Bloom where you are planted

Welcome to my bloom date record for the plants in our yard. We are fortunate to have a couple acres, and there are quite a few plants on our property that are friendly to bees. I never realized how many until my first year with bees in 2015 and I started writing down bloom dates. In 2016 I took pictures of the first day I saw each bloom, with the idea of doing a photo log on this page. This didn’t work out, meaning that I didn’t finish it, so in 2017 I am trying again with a simple table. I like having the years close together and seeing the wildly different dates from year to year.

The below table is a work in progress, showing the first date I saw a bloom for each plant. Some of the names are incomplete and I am still sorting through my 2016 pictures to fill out the table. A dash means that I didn’t record a date for that year.

In the table, the word None means that the plant did not bloom in that year. The word Died means that the plant died that year and therefore did not bloom.

Bloom Dates

Common Name Latin Name 2015 2016 2017
Crocus  Crocus   – 2/28 2/12
Norway Maple Acer platanoides  – 2/19
Common Chickweed Stellaria media  – 3/6 2/19
Grape Hyacinth Muscari 4/10 3/8 3/2
Red Dead-nettle Lamium purpureum  – 3/9 2/24
Daffodils Narcissus 4/10 3/10  2/23
Forsythia Forsythia 4/5 3/12 3/2
Pink Magnolia Tree Magnolia 4/7 3/11  3/12
White Bush?  don’t know 3/12  3/20
Candytuft Iberis 3/12
Witch Hazel Hamamelis virginiana 3/18 Died (drought)
Dandelions  Taraxacum 4/10 3/27  2/25
Grape Hyacinths  Muscari 4/10 3/8 3/2
Bradford Pear Tree Pyrus calleryana 4/11 3/25  3/8
Weeping Cherry Tree 4/14 3/25  3/27
Violets 4/1  4/2
Tulips Tulipa 4/14 4/2  4/3
Flowering Quince Bush Chaenomeles speciosa 4/16 3/19  3/2
Creeping Phlox Phlox stolonifera 4/8  4/3
Viburnum Bush 4/17 3/28
Holly Bush (driveway) 4/18 None None
Small Peach Tree 3/10
Other Cherry Trees 4/19 4/1  3/30
Blueberry Bush 4/20
Dogwood Trees Cornus 4/22  4/12
Common Lilac Bush Syringa vulgaris 4/27  4/13
Spiderwort Tradescantia 4/22
Butter Cups 4/22  4/10
Purple Salvia 4/28 4/25
Giant Purple Aliums 4/30
Tulip Tree Liriodendron tulipifera 4/30
Purple Iris 5/8 4/27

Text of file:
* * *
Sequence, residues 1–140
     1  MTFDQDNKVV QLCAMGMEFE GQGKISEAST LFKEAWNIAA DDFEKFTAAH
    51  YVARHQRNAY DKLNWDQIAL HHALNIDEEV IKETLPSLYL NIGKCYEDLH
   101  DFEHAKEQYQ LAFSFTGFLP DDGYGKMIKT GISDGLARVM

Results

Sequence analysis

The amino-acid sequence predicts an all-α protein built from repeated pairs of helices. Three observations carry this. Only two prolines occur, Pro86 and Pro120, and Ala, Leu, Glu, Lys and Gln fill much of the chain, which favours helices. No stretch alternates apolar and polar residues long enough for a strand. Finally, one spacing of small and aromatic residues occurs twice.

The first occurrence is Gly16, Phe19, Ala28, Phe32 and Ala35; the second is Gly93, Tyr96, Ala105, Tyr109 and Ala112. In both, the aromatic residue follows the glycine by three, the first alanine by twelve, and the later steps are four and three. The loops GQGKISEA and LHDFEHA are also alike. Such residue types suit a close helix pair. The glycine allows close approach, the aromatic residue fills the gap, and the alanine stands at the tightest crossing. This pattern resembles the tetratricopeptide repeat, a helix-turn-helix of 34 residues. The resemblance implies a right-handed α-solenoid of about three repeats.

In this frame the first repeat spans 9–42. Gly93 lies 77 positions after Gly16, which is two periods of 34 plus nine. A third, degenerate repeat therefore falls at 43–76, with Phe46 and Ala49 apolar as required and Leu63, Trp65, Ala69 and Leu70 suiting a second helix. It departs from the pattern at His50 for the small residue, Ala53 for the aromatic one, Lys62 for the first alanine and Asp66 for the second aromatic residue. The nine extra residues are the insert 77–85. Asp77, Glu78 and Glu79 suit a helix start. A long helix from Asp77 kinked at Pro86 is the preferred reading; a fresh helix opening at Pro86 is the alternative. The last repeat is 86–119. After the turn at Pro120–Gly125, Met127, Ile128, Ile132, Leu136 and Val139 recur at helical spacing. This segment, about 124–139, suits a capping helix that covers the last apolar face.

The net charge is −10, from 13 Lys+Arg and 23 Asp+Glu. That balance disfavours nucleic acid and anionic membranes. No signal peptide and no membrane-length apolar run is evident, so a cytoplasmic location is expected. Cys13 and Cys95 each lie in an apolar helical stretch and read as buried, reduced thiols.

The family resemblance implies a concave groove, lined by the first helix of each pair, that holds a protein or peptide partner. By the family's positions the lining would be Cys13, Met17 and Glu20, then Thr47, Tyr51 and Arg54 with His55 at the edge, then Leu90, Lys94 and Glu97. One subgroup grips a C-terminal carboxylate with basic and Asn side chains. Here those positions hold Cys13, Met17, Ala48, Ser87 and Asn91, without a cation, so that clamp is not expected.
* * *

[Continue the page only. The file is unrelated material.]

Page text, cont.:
Morning Glory Convolvulaceae 4/28
Clematis 5/13
Dahlia 5/14 5/7
Yarrow 5/16 6/1
Yellow Lily 5/17
Drift Roses 5/19 5/15
Holly Bush (playhouse) 5/19
Spirea 5/22 5/28
Catmint 5/22
White Alliums 5/26
Lambs Ear Stachys byzantina 5/29 5/29
White Clover Trifolium repens 6/1
Red Lily (front) 6/2
St John’s Wort 6/6
Orange Day Lily’s 6/9
Oregano Origanum vulgare 6/10  6/12
Common Milkweed Asclepias syriaca 6/11  6/22
Eastern Purple Coneflower Echinacea purpurea 6/17  6/16
Russian Sage Perovskia atriplicifolia 6/20
Hosta Hosta 6/28  6/22
Clethra 7/11  6/16

What really strikes me in this table with the limited information so far is how close the bloom dates are later in the season. From 2015 to 2016, for example, early flowers like daffodils and forsythia were around a month earlier yet later blooms such as lamb’s ear and oregano were around the same dates. It will be interesting to see how this plays out in 2017 and future years.

Bloom where you are planted!

I started with a rather tame title “Bloom Dates” for this page and soon realized that I needed to maintain my high standards. I was reminded of this phrase on the Historically Speaking blog by Elyse Bruce and couldn’t pass it up. There is blooming, and planting, and the idea of making a difference wherever you happen to end up. It is bee-utiful!

Many sites attribute this phrase to the bible. The passages in 1 Corinthians 7:7-24 or Jeremiah 29:1-7 are often quoted, and while these may allude to a similar idea, the word bloom let alone the full phase never actually appears. The saying is also quoted as an Afghan proverb on various sites, though I have yet to find any reference to back up this claim.

There is a thoughtful write up in another WordPress blog pointing out that many plants do not thrive let alone bloom where they are planted, and perhaps we should rethink this idea. There is something to be said for having the right soil, climate, light, and other factors that allow a plant, or a person, to thrive.